3 Things to Keep in Mind When Teaching Your Kids About Money
As a parent, it’s a fundamental responsibility to teach your children the importance of money, which includes how best to save, invest and spend hard-earned cash. It’s integral in your child’s adult life that they understand the significance of money, while also how to be independent and make wise decisions when it’s time for them to leave home.
Without a doubt, personal finance can be complicated. For young and old, making the right choices with money is hard, especially if you’ve not been taught the ropes from a young age. With that in mind, we’ve created an essential guide for those looking to teach their kids the most important aspects of money.
Take a look below at our top three things to keep in mind when teaching your kids about money!
1. Be Inspiring
To start, it’s easy to be negative and pessimistic when teaching your kids about money. It is a major cause for stress and can make you do some rather questionable things after all. Though, when you’re teaching your children about personal finance, it’s time to lead by example and inspire.
We suggest going over all of the incredible ways you can earn money, and what it can do for your kids and your family. Offer up the chance for your kids to make money by creating a few well-paying household chores and be sure to let the kids know all of the great things they could save up for.
It might also be a good idea to encourage your kids to be entrepreneurial. Take the time to set up a small summertime business like a lemonade stand, sausage sizzle or even tutoring online with Cluey. This will teach the kids the worth of the dollar and also how the sale of goods and services works.
2. Encourage Smart Spending
Another incredibly important thing to keep in mind is the cruciality of smart spending. We don’t just mean being wise about wasting money and the value in products either. In the age of impending climate change and environmental degradation, it’s essential to educate the kids on where their money is going and whether it’s contributing to society negatively or positively.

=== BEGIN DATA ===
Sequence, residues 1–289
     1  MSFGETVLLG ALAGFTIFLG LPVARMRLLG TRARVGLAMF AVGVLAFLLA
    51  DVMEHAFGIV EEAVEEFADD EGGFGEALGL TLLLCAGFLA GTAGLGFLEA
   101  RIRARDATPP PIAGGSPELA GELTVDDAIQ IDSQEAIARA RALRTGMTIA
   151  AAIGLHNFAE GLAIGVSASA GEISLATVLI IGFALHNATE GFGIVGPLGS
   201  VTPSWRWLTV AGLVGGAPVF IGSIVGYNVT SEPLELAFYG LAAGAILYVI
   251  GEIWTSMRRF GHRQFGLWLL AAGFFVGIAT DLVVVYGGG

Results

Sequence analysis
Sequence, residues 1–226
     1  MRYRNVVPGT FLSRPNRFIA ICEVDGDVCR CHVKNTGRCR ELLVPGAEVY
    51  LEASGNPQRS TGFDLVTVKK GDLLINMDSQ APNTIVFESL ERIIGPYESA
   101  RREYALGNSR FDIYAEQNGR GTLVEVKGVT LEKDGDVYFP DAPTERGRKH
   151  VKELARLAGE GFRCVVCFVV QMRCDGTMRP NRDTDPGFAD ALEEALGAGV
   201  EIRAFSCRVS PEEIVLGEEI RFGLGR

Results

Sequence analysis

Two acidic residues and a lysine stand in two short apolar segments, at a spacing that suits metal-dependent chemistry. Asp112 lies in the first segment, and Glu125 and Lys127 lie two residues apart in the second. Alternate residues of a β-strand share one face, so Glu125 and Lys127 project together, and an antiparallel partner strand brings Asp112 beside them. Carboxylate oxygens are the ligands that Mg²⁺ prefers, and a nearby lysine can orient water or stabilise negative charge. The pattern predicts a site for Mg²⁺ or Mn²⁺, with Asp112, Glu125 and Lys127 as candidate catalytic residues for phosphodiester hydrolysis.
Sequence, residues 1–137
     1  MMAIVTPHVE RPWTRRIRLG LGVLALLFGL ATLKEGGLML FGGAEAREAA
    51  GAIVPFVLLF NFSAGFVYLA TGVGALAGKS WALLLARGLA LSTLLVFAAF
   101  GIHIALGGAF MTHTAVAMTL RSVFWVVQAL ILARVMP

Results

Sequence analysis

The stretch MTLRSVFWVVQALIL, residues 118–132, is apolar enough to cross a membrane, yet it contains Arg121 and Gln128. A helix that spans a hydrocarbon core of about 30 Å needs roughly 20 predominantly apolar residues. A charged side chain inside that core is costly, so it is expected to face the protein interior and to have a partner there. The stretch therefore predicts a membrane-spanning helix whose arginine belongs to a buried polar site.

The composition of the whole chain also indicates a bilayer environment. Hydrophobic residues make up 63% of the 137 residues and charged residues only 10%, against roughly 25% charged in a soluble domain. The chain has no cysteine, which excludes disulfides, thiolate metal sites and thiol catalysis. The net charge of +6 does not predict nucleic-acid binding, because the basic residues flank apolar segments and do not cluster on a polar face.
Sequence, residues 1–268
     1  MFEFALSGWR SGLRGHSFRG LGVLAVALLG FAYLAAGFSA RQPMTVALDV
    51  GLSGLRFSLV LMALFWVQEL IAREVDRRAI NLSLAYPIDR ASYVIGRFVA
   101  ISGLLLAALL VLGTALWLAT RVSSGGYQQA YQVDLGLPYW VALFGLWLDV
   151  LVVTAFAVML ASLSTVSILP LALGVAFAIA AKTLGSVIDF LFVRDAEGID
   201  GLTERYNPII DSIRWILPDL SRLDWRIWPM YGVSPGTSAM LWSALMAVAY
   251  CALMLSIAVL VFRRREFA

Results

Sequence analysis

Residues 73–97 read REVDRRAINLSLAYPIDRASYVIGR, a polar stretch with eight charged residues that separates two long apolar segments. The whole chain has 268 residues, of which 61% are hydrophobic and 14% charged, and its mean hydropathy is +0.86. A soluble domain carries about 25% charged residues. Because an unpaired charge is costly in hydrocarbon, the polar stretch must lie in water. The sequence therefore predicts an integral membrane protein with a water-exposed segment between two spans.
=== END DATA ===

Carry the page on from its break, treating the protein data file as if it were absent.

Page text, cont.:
On top of this, be sure to let the kids know about sales, holiday markups and markdowns and be as open as possible about why you’re not buying a smartphone (for example) right before the launch of the next model.
To cap off smart spending, it’s also vital to outline the differences between needs and wants. If your kids are looking to ‘buy’ solely for the sake of it, it might be worth talking with them about why they want a product, whether it will contribute to their life and if it really is worth it.
3. Explain Investments and Long Term Savings
To cap off our list, it’s crucial that you instill an understanding of the future with regards to money for your kids. Children tend to be locked to the ‘here and now’ rather than thinking about their needs and wants down the road.
Of course, kids are going to want to spend cash, gift cards and other monetary rewards instantly; it’s simply how their brains work. However, you should do your best to highlight what might come of a gift if it’s left to sit and gather interest over time.
Opening a savings account for your child is an excellent approach to teaching your kids about saving and how big a saving’s account can become if regular deposits are made and if their financial gifts are placed in an account for the long term, rather than spent right away.
A little tip here is to create visuals as often as possible. If you can show your kids a graph of their savings over the course of a year, there’s a good chance they’ll be on board when it comes to saving rather than spending their allowance and rewards right away.
With all of the above in mind, it’s not hard to explain the basics to the kids when teaching them about money. It’s crucial to be visual, forward-thinking, and explain the importance of their hard-earned money.
It’s essential to keep yourself as positive and encouraging as possible, as we know, kids love to mimic those around them. With a positive attitude toward money, you’re well on the way to fostering a great little saver.